In the Press
Monday, August 13, 2018Trump’s Sabotage of Obamacare is Illegal—A Commentary by Nicholas Bagley and Abbe R. Gluck ’00 NYTimes.com
Sunday, August 12, 2018NYSE is putting its own interest ahead of investors’ Financial Times
Friday, August 10, 2018Our Own Idiosyncratic Version of the Same Ethno-Nationalist Dynamic: Talking to Amy Chua Los Angeles Review of Books/ Dialogue Diary
Wednesday, August 8, 2018Stop worrying about Kavanaugh, liberals. Start winning the political argument.—A Commentary by Samuel Moyn The Washington Post
Wednesday, July 18, 2018
MFIA, CRIT Sue Government Over Clinical Trial Data
On July 18, 2018, the Media Freedom and Information Access Clinic (MFIA) filed a complaint on behalf of the Yale Collaboration for Research Integrity and Transparency (CRIT), urging a federal district court in Connecticut to compel the Department of Health and Human Services (HHS), the National Institutes of Health (NIH), and the Food and Drug Administration (FDA), to comply with their legal obligations to notify the public of researchers’ failure to report clinical trial results on ClinicalTrials.gov.
In 1997, Congress required HHS to begin collecting and disseminating clinical trial data for trials studying treatments for serious or life-threatening diseases. The lawsuit outlines how NIH created ClinicalTrials.gov in response to serve as the public repository for the data. In 2007, Congress greatly expanded the ClinicalTrials.gov registration and reporting requirements, requiring researchers for many types of clinical trials to register their trials and report results after completion. In addition, Congress required NIH to post public notices of non-compliance whenever a researcher fails to comply with its reporting obligations. HHS issued a final rule in January 2017 that implements these expanded requirements, according to the clinic.
The data Congress required be published on ClinicalTrials.gov is a critical resource for clinicians, patients, researchers, policymakers, regulators, and the general public, according to the lawsuit. It helps clinicians and their patients make more informed decisions about treatment options, allows patients to locate and enroll in clinical trials, and enables researchers to more comprehensively summarize existing evidence and avoid duplicating studies unnecessarily.
Over the past decade, however, those involved in the lawsuit said there has been widespread and well-documented failure by researchers to report and update required information on ClinicalTrials.gov. NIH has failed to post even a single required public notice, according to the lawsuit.
"The failure to post notices violates HHS, NIH, and FDA’s statutory obligations," said John Langford ’14, Clinical Lecturer in Law. "More importantly, it deprives CRIT’s researchers, as well as other researchers, clinicians and patients, of essential data necessary to study the integrity of the clinical trial research enterprise and evaluate the evidence supporting medical product safety and effectiveness."
Additionally, HHS’s final rule created a loophole that purports to allow some clinical trials completed before January 2017 to not report results. This violates both the language and the intent of Congress’s 2007 expansion of ClinicalTrials.gov’s reporting requirements, according to the lawsuit.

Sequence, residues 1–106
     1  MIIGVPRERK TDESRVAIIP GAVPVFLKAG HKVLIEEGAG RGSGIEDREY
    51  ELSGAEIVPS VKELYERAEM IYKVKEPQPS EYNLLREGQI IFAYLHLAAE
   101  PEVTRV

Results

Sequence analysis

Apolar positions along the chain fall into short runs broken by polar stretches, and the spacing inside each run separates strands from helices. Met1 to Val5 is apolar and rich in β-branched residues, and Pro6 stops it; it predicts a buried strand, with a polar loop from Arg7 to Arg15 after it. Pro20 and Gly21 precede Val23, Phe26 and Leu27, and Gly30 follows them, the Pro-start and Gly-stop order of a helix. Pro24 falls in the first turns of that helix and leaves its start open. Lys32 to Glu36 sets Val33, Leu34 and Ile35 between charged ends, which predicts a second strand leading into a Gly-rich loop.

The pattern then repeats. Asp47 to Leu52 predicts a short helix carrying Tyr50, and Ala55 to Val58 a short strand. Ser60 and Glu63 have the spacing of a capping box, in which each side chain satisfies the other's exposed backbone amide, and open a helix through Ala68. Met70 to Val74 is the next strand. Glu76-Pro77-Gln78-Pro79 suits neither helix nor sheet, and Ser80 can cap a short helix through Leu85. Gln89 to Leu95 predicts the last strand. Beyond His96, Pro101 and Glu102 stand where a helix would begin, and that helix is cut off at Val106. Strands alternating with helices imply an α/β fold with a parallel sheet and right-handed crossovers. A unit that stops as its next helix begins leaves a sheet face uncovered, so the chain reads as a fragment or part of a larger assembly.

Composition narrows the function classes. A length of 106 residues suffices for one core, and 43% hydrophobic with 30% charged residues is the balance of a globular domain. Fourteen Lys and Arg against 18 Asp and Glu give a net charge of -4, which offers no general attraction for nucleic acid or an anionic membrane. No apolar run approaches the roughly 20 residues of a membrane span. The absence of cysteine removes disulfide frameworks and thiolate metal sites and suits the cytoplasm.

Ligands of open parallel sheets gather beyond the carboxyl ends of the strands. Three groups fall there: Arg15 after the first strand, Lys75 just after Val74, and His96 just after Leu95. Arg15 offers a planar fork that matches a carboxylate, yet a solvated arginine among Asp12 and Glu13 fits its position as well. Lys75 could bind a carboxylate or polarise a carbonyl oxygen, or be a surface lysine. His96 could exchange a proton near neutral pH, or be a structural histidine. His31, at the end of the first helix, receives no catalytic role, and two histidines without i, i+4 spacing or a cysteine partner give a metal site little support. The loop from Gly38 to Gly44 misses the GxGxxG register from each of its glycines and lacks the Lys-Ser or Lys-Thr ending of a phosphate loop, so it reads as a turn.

To address NIH’s failure to post notices, and the loophole in HHS’s final rule, CRIT has filed suit under the Administrative Procedure Act. The suit seeks an order requiring NIH to begin posting public notices whenever a researcher fails to comply with their reporting obligations. It also asks the court to strike down the loophole that permits certain clinical trials to avoid reporting results.
“HHS, NIH, and FDA have made great strides forward in clinical research transparency in the past 20 years,” explained Dr. Joseph Ross, Associate Professor of Medicine and Public Health at Yale, “allowing researchers to gain critical insights into the strengths and limitations of the evidence for a multitude of clinical interventions, from drug products to medical devices to behavioral programs. We hope this suit will motivate the federal government to post failure to comply notices, which will foster greater accountability among clinical researchers and further strengthen clinical research transparency in the U.S.”
MFIA Summer Fellow Christine D’Alessandro said “Clinical trial results contain valuable information about the safety and effectiveness of new medicines and medical technologies. It is critical that these results are made publicly available to better facilitate patient access to information that may affect their decisions on treatment options.”
MFIA is a student clinic at Yale Law School dedicated to increasing government transparency and advancing the public’s right of access to information. CRIT is an interdisciplinary initiative at Yale University devoted to improving the quality and transparency of the research base for medical products.
Clinic students Abby McCourt ’20, Simon Brewer ’20, Adam Pan, ’18, Georgia Travers, ’19, and Isabel Farhi, ’19, and MFIA Summer Fellow Christine D’Alessandro worked on this case under the supervision of Langford.
In addition, the team was assisted by David Schulz ’78, co-Director of the MFIA Clinic; Amy Kapczynski ’03, Professor of Law and Faculty Director, Global Health Justice Partnership at Yale Law School; Margaret McCarthy, Research Scholar in Law and Executive Director at CRIT; Joseph Ross, MD, Associate Professor of Medicine (General Medicine) and Public Health (Health Policy) at the Yale School of Medicine; and Joshua Wallach, PhD, Research Associate at CRIT.